How to make Cold Brew Iced Coffee


There are a couple ways to make cold brew iced coffee. The “best” one really depends on your personal taste and equipment budget. A few examples:

  • You can buy a cold brew coffee system like the popular Toddy, great for small batches but you will have to continue buying filters.
  • Simply pouring hot coffee onto lots of ice. The upside, it’s fast. The downside, it’s still acidic and it could have a watered down flavor from the extra ice needed.
  • Putting a bunch of ground coffee into any container with water; letting it sit and filtering the water after 12-24 hours. This gets messy.

Our favorite way is the one gallon method so let’s get going!

What you need

What you need to cold brew

1. Scale

You can ‘guesstimate’ gram amounts of coffee, but we found it tasted better after measuring with a scale like this one.

2. Gallon Container

Gallon Jugs

We used a $29.25 bubba sport jug which stays cool longer and has an airtight seal to keep coffee fresher. For a cheaper container, try a $5.88 Big Bucket Margarita Mix Container, but note that this one is 96oz, not a full gallon which is 128oz so you’ll need to adjust the amounts accordingly.

3. Filter / Nut Milk Bag

We used a nut milk bag, which is something like a large tea bag. However, you can use a cut up cotton t-shirt, cheesecloth or other fabric you have lying around.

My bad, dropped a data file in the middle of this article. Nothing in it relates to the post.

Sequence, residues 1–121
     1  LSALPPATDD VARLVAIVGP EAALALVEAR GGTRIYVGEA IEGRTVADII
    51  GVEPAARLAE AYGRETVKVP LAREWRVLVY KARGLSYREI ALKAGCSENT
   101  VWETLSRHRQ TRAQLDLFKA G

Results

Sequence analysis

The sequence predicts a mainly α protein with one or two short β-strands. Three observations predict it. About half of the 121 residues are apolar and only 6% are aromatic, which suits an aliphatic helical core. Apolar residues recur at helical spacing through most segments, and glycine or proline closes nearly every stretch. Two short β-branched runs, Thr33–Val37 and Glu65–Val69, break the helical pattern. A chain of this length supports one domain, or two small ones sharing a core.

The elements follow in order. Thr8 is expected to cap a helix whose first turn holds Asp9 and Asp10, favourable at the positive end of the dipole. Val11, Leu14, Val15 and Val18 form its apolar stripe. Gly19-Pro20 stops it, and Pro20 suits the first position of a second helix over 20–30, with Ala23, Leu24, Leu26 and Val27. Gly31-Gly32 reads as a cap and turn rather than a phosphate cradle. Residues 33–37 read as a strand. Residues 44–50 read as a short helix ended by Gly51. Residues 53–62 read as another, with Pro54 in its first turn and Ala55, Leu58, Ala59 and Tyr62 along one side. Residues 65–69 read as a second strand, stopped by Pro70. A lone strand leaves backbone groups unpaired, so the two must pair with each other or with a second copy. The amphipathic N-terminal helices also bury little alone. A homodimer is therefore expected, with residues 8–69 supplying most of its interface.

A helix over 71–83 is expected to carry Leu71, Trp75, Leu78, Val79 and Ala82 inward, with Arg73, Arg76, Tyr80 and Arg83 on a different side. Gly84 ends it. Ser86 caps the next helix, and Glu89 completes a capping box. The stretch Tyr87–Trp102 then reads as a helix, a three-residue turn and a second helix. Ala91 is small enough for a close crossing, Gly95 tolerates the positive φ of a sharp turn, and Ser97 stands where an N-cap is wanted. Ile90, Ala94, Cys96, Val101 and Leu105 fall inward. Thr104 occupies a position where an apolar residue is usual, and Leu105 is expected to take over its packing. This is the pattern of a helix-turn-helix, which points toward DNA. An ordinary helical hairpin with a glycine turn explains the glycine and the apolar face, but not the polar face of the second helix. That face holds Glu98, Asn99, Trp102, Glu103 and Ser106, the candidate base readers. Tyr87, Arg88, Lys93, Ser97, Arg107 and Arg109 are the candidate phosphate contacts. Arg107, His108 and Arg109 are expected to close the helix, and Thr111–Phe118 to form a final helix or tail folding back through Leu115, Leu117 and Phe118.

4. Coffee


For this we used Cafe Don Pablo Gourmet Coffee Medium/Dark Roast which was $13.99 for 2 pounds ($0.44 per ounce) at the time of this post. Any coffee ground or whole bean will work. One warning however, espresso or medium/dark/bold flavors are often too aggressive for most people so start with a medium roast and move up the darkness scale if you find that too mild.

Some other brands we recommend are Gevalia or Dunkin Donuts light or medium roasts – and don’t forget to check for coupons and in-store deals. We recently got three Gevalia 12oz bags for about $4 at CVS ($0.33 per ounce) using coupons we found online.  Now that’s a sweet deal.

5. Optional: Grinder

In the video we used a $19.99 Secura Grinder. However, most coffee these days comes ground so this is optional. The upside to grinding your own beans is a better and fresher taste.  Ground coffee flavor actually diminishes quickly but if you’re using an entire bag at a time, you won’t have to worry about that.